I asked a friend’s daughter, a freshman in high school, if she reads the new-and-improved SVH and she quickly texted me back, “Uh, no, we don’t read those. We’re into the Gossip Girl books.”

Ah, Gossip Girl. I knew it was a drama-filled TV show, but I hadn’t realized it got its start as a book series. I needed to read a Gossip Girl book and get familiar with the main characters, Blair Waldorf and her best friend, Serena van der Woodsen.

I couldn’t bring myself to sneak into the teen section at my local library. It’s always packed with kids I know from my neighborhood, and how would I look explaining to them that I was trying to read a Gossip Girl book? I headed to a bookstore and picked up It Had to be You: The Gossip Girl Prequel. As I thumbed through it, I wondered, Were these girls teens or adults? They were certainly getting their grown-and-sexy on, page after page. And then I got to the part where their guy "friend" Nate Archibald, who’s slept with both girls, describes Serena:

“The best thing about Serena was her total lack of embarrassing flab. Her entire body was as long and lean and taut as the strings on his Prince titanium tennis racket.”

Wow. Any kind of flab equals "bad," which means that Serena must damn near be a skeleton. Forget the emphasis on clothing size in SVHthis was some really direct messaging about what kind of body size is attractive. And what was up with the product placement? So far, I'd read about MAC lip gloss, Gucci dresses, Manolo Blahnik shoes and drinks made with Bombay Sapphire. OK, I get it. You're rich.

But, because gossip sucks you in, I kept reading Nate’s thoughts about Serena and Blair, "hands down the two hottest girls on the Upper East Side, and maybe all of Manhattan, or even the world.”

I found myself standing in the bookstore, making the same “Bitch, please” face my mom made when she saw me with that SVH book years ago. I think that look stayed on my face as Nate went on to explain how he wouldn’t have been friends with either girl if they’d been “awkward” or “butt-ugly.”

There aren’t any black, Latino or Asian main characters in the Gossip Girl world, so I assume if you’re any of those, you’re automatically awkward and ugly. Indeed, no one, even if you're white, can ever be as awesome as Blair or Serena. Despite the addictive drama—like Blair's dad divorcing her mom for a guy—their lives are Photoshopped and their problems read like a poor little rich girl primer—boring and a little disturbing.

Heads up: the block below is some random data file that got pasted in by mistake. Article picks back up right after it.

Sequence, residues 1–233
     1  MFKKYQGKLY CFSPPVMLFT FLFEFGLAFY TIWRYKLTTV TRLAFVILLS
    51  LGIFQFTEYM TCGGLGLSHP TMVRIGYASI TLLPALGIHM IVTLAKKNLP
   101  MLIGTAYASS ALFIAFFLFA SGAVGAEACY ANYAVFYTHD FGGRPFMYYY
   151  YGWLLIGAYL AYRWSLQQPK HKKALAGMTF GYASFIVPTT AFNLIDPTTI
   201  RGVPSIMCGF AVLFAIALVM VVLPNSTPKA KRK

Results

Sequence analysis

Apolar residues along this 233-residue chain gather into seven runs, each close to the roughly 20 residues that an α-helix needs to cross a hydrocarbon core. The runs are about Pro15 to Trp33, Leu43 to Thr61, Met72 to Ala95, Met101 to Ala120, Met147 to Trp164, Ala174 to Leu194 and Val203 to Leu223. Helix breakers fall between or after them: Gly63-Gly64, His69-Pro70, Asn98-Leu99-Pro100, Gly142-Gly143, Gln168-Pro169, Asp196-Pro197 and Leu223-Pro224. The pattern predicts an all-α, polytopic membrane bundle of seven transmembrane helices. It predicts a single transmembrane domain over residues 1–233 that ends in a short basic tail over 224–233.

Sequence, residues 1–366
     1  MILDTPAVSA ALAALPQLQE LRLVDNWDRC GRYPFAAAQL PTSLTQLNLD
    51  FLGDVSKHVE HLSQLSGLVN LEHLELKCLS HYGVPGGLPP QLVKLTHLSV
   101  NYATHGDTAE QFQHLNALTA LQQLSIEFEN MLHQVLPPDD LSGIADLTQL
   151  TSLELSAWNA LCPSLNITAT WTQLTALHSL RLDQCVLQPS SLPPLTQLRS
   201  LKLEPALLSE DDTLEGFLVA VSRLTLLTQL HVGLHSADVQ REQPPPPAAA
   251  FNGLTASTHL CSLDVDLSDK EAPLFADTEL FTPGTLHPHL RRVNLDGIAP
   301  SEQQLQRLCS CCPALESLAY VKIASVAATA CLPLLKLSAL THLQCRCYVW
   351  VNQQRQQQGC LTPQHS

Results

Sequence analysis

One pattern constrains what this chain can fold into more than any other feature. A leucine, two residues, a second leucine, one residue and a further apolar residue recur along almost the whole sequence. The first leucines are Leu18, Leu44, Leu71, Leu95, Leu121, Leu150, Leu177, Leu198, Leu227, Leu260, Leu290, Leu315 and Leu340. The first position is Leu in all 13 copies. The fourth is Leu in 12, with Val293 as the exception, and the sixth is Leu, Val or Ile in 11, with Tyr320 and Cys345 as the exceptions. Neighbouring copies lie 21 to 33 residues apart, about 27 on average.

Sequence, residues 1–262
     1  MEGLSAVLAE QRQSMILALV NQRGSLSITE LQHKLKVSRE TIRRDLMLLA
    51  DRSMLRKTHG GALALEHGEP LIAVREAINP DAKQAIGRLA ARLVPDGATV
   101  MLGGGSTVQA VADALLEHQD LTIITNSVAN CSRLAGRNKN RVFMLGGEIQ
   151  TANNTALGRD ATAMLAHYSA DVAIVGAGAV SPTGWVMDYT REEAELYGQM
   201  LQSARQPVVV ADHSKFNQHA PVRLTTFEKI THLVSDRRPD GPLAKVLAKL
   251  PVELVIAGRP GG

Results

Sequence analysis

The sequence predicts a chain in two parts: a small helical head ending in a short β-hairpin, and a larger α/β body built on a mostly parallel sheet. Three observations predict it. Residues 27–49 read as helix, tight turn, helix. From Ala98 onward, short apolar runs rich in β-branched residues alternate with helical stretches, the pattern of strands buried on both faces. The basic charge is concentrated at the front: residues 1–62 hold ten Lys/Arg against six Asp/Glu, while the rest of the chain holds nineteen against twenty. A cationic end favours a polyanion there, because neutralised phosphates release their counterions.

Are these girls really what most modern teens are like, or are they who adults think teens want to be—mini grown-ups with lots of disposable cash, Cristal, good looks, and no responsibilities? After a few more pages, I slid the book back on the shelf and found myself feeling nostalgic for the comparatively less vapid and materialistic—and more innocent—existence of Elizabeth and Jessica Wakefield.

Sure, both Sweet Valley High and Gossip Girl are escapes from reality, but at what cost? We don't need yet another generation of girls growing up with the same messages of not being white enough, pretty enough, thin enough or rich enough. And, given the international reach of these books, we're exporting that messaging around the world. No wonder skin lightening creams, hair straightening chemicals and eating disorders are as popular as they've ever been. It's sad that my friend’s daughter and her teen peers are reading either series.

The last thing on earth we usually want is to turn into our mothers, but in this case, I'm glad I have. If I had a teen daughter trying to check either series out of the library, I'd probably tell her to steer clear. Let's hope she'd listen.